Netflix’s latest über-buzzy show Orange is the New Black premiered about one week ago. Eight simple turns of the Earth. If Orange is the New Black were a normal show, the second episode would have aired last night. But it is not; it is a Netflix original show, which means all 13 episodes were available to stream at once and everyone, it seems, already has. Except me.
It isn’t for a lack of trying that I haven’t yet finished all 13 episodes. The night I started the show, I powered through “I Wasn’t Ready,” “Tit Punch” and “Lesbian Request Denied” (fun fact: Jodie Foster directed that episode) without stopping. Since then, I’ve finished two more, but still that’s only five of 13. Avoiding spoilers has been tricky, sure, but the worst feeling is that I’m afraid everyone will be done talking about it by the time I’m finished.
Some say the idea of a water cooler show is old-fashioned, but trying logging onto Twitter on during an episode of Mad Men. People are talking — more than ever — they’re just talking in a different place. I don’t have a television, but I do have a Netflix account (my own), a Hulu account (borrowed) and an HBO Go account (stolen), so I’m able to stay up-to-date enough on the shows I watch to know that the correct response when someone says, “oh my god how upset are you about Sybil?!?!?!?!” Staying current for one hour a week is easy enough, but to keep up with a 13-episode show that’s meant to be watched as quickly as possible? That’s an entirely new social phobia, one I’ll call “Netflix FOMO.”
For those who aren’t watching Orange is the New Black, here’s a quick primer. Piper (played by Taylor Schilling, the lady who got to make out with Zac Efron in The Lucky One) is headed to a federal prison. She carried drug money for her girlfriend 10 years ago and it’s come back to bite her in the ass. Her fiancé is played by Jason Biggs, who mostly just masturbates, from what I’ve seen so far. In prison, Piper meets a quirky cast of characters who are alternately depressing, threatening and delightful. For those who appreciate nostalgia, the prison’s yoga instructor is played by Constance Shulman, otherwise known as the voice of Patti Mayonnaise. As only Jenji Kohan (creator of Weeds) can, the show is both wickedly funny and strikingly dark. It deals with race and LGBTQ issues in a way that I’ve never seen on television before, not coming off as either preachy or insensitive. The show is also shot in my neighborhood (hey Astoria!) which adds to the fun.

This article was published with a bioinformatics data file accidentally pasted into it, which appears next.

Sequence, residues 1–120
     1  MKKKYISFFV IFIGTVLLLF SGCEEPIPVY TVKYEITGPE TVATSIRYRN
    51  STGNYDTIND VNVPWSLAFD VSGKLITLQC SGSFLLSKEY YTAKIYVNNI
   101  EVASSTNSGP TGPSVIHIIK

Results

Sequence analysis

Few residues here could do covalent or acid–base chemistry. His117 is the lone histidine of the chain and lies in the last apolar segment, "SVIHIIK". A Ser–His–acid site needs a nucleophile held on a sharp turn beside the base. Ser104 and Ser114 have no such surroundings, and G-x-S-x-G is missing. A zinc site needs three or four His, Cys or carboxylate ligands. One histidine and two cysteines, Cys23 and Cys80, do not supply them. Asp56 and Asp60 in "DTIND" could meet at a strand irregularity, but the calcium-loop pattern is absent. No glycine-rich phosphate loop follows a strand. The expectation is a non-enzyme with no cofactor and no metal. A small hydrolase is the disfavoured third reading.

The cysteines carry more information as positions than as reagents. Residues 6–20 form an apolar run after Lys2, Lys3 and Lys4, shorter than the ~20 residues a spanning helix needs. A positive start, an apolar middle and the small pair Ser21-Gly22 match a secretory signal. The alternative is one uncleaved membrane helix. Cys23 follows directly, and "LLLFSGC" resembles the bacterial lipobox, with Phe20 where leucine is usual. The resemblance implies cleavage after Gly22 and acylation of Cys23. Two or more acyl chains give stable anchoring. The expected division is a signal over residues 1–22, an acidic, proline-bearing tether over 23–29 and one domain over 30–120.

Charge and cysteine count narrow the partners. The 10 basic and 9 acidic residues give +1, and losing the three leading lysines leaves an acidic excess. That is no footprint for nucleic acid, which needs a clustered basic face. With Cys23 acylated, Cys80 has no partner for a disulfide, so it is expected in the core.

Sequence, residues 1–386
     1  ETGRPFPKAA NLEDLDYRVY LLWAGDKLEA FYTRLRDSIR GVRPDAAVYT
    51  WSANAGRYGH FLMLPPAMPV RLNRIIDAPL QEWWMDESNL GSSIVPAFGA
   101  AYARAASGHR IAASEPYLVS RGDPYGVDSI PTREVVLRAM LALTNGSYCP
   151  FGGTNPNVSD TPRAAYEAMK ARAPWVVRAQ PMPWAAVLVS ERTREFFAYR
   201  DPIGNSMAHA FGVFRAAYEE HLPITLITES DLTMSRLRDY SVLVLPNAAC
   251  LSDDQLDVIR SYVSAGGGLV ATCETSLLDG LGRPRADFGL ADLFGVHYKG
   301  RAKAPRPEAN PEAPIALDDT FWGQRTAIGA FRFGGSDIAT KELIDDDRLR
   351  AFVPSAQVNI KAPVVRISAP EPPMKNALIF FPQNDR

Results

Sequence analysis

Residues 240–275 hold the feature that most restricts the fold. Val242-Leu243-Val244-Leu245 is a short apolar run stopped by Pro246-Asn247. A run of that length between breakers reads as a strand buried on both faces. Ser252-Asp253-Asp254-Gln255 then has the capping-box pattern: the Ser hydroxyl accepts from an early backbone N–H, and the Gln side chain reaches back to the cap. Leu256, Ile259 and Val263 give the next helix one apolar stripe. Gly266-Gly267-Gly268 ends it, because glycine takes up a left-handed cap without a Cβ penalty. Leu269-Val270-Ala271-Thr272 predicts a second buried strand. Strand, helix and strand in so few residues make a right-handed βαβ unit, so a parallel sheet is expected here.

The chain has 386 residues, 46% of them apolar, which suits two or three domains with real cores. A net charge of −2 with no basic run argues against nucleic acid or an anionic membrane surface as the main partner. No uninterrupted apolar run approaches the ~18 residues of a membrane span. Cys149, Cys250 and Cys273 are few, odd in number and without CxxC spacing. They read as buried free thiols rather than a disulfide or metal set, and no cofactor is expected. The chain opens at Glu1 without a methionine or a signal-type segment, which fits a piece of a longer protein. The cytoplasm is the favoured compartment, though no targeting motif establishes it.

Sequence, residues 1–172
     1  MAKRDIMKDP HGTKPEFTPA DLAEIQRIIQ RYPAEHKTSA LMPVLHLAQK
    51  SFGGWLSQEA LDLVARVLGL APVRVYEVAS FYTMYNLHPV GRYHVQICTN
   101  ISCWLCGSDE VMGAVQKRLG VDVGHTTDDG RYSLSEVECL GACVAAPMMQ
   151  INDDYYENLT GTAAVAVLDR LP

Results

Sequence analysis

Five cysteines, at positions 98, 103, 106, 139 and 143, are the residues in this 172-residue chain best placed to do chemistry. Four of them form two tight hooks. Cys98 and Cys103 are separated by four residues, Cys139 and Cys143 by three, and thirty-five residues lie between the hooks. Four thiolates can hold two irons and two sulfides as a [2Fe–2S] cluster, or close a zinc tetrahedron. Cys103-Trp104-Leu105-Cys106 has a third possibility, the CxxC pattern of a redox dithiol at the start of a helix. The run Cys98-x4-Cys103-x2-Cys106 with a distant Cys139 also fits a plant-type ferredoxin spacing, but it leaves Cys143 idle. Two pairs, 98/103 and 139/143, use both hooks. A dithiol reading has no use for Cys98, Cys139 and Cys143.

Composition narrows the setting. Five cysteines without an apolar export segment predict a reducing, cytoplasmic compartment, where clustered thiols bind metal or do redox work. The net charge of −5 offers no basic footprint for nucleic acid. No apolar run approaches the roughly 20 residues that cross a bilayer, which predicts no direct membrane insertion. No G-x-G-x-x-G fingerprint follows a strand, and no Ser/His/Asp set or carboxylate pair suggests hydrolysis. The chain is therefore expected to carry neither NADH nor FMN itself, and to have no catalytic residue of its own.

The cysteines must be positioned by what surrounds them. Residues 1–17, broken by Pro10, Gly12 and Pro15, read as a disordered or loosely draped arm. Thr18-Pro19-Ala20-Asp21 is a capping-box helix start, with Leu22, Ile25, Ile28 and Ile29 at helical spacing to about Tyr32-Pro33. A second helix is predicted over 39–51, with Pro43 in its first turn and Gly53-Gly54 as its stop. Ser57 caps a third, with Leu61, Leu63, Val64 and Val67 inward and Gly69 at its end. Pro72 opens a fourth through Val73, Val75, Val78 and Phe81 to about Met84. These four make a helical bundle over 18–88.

But if Netflix shows are going to be A Thing now — and Netflix’s 15 Emmy nominations suggests that they will — how are we going to make sure we aren’t missing out? Keeping up with the online world can, at times, feel like a Herculean task. The world moves so fast, thanks to the internet. But, when it’s possible, it’s nice to slow down, to enjoy something as simple as a television show. And let yourself have something to look forward to.
The second season of Orange is the New Black won’t be out until 2014, anyway, and I’m sure I’ll have finished the first season by then, at least.